Apple Watch Series 3 hands-on: The war for your wrist goes wireless

You'll barely notice a change, but that's not necessarily a bad thing.

Chris Velazco / Engadget

You didn't think this show was just about iPhones, did you? Apple also pulled back the curtain on its 3rd-generation Apple Watch, which is... well, exactly what we expected. The physical differences between this thing and earlier models aren't much to write home about, aside from the nifty red dot on the digital crown. The good news is that means all the older watch bands will work with the Series 3, and Apple has some nice new ones you'll see in our pictures as well.

That the Apple Watch Series 3 doesn't feel different from the Series 2 I wear almost every day is a huge testament to Watch's design team. Apple says the actual difference in depth amounts to two sheets of paper, and, while I didn't have any spare sheets to test against, most people will never notice the difference. That's saying something considering what's inside: there's an LTE radio and an embedded SIM, and the screen itself acts as an antenna. Unfortunately, none of the Apple Watches I tested were actually provisioned on a cellular network, so no test calls went through. (I found this out the hard way by calling myself, and double-goofed by accidentally showing my phone number on YouTube.)

There's a pretty noticeable step up in performance too, thanks to the S3 chipset ticking away inside. The change doesn't seem quite as pronounced as the leap from the Series 1 to the Series 2, but I didn't notice any lag or stuttering on Apple's pre-release units.

Sadly, some of the Series 3's best features couldn't be tested yet. You'll eventually be able to stream Apple Music's entire catalog of tracks to the watch, a feature that should kick in next month. There's also a new barometer inside, but Apple wouldn't let me take a Watch up the long flight of stairs that connect the sunken Steve Jobs Theatre from the ground-level holding space. I'm most curious about how the activation process works: Apple says you'll still need to be connected to an iPhone for the initial setup, but I'm told you'll also have to add the Watch to your phone plan (with help from your carrier) so the Watch and iPhone share phone numbers.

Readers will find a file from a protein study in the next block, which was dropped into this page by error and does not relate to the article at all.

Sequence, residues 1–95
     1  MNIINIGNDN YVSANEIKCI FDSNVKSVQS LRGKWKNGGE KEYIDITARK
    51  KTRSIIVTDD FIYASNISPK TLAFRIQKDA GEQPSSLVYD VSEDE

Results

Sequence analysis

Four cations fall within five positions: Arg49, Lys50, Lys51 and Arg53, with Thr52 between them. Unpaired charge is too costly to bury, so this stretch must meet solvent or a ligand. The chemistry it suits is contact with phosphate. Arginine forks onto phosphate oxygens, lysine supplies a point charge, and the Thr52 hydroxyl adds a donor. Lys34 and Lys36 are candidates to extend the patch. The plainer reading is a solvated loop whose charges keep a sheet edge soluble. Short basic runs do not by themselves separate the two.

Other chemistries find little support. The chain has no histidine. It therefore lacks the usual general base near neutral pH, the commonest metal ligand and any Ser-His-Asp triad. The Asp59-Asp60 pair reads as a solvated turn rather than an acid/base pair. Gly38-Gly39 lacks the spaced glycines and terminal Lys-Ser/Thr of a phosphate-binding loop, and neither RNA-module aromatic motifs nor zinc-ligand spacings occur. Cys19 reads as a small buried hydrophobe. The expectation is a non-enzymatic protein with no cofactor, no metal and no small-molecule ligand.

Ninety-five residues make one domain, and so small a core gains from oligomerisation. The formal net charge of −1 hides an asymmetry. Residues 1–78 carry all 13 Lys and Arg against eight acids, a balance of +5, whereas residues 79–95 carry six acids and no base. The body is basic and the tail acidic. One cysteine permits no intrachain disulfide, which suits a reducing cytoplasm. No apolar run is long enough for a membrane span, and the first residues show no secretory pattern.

All told, the Series 3 packs some handy upgrades and should serve as the starting point for people new to the Apple Watch. I'm curious to see how many people will actually embrace the wireless version, which costs $70 extra than the non-LTE model. Apple's vision of wearables is one where people don't have to worry about carrying their phones with them 24/7, but honestly, I think a lot of people like things just the way they are.

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